back answers to those queries; by contrast, the goal of data-mining is to
produce new knowledge by exposing unanticipated patterns. Over the last
decade, many millions of dollars have been invested in creating digital
library collections: the software tools we'll produce in this project will
make those collections significantly more useful for research and teaching."

Stephen Ramsay, the University of Georgia's representative on the project
and a member of the UGA English Department, agrees: "literary criticism and
data mining share an important common ground: both are concerned with the
isolation of patterns in data. Students of literature are often trying to
detect patterns of change in the language or structure of literary works.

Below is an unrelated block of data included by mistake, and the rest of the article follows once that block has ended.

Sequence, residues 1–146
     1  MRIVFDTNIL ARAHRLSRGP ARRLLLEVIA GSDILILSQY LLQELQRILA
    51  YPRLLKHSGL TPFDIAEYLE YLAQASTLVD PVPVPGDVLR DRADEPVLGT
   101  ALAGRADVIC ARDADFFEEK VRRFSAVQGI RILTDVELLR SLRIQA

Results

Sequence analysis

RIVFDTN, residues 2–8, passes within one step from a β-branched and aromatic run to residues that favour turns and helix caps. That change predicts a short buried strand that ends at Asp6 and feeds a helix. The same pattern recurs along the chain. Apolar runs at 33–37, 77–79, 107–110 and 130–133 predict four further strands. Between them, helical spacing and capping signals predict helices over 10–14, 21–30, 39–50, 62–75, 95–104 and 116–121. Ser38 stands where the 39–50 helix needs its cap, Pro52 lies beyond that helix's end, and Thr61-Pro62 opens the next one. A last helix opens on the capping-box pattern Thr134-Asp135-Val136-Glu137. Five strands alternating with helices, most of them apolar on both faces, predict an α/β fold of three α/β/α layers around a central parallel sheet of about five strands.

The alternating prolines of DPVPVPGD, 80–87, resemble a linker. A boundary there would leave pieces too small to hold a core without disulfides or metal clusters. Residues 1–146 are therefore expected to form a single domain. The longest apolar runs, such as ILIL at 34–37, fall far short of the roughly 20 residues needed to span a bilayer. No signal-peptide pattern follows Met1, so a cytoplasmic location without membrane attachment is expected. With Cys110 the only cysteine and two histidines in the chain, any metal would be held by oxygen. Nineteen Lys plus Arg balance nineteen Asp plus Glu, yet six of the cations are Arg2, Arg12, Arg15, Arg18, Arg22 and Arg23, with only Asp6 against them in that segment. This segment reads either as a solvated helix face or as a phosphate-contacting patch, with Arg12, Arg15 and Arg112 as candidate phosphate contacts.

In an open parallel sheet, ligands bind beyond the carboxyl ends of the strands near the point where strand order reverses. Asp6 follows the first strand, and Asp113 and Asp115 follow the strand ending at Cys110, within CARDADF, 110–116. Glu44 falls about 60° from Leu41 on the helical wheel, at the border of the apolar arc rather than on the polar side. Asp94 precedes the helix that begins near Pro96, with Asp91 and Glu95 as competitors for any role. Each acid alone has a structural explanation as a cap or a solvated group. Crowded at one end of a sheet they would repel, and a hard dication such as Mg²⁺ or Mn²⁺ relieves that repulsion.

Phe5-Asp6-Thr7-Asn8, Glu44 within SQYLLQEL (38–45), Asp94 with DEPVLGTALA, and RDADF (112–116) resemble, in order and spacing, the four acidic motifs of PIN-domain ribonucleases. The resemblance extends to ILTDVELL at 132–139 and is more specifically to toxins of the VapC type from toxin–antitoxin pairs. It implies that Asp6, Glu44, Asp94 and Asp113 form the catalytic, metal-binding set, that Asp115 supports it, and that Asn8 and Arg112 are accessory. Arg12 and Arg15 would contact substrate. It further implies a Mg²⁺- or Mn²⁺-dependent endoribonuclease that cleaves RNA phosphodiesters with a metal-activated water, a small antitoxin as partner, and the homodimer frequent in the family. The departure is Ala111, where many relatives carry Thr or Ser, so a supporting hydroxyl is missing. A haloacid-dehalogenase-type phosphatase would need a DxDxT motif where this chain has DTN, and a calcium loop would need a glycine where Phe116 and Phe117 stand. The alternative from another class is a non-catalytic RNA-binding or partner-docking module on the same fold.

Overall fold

Sometimes, this search for pattern is ordered toward the demonstration of
some interpretive insight, but this order is just as often reversed--we
notice patterns in texts and those patterns inspire interpretive insight."

Matthew Kirschenbaum, faculty member in the University of Maryland's
English department and Fellow at the Maryland Institute for Technology in
the Humanities (MITH), says that "information visualization will be the
essential scholarly genre of the 21st century. It is already commonplace in
astronomy, biology, chemistry, economics, engineering, environmental
sciences and geology, geography, meteorology, physics, and mathematics. The
basic intellectual and imaginative leap for information visualization in
the humanities will be the leap from documentary to algorithmic forms of
evidence. At the same time, we must understand the 'iconology' of these
visual displays, their roots in long-standing traditions of image-making,
cognitive design, and knowledge representation."

Martha Nell Smith, Director of MITH, observes that "the cross-institutional
collaboration in this initiative will help ensure that we build tools that
are widely usable, that are standards-based, and that will advance the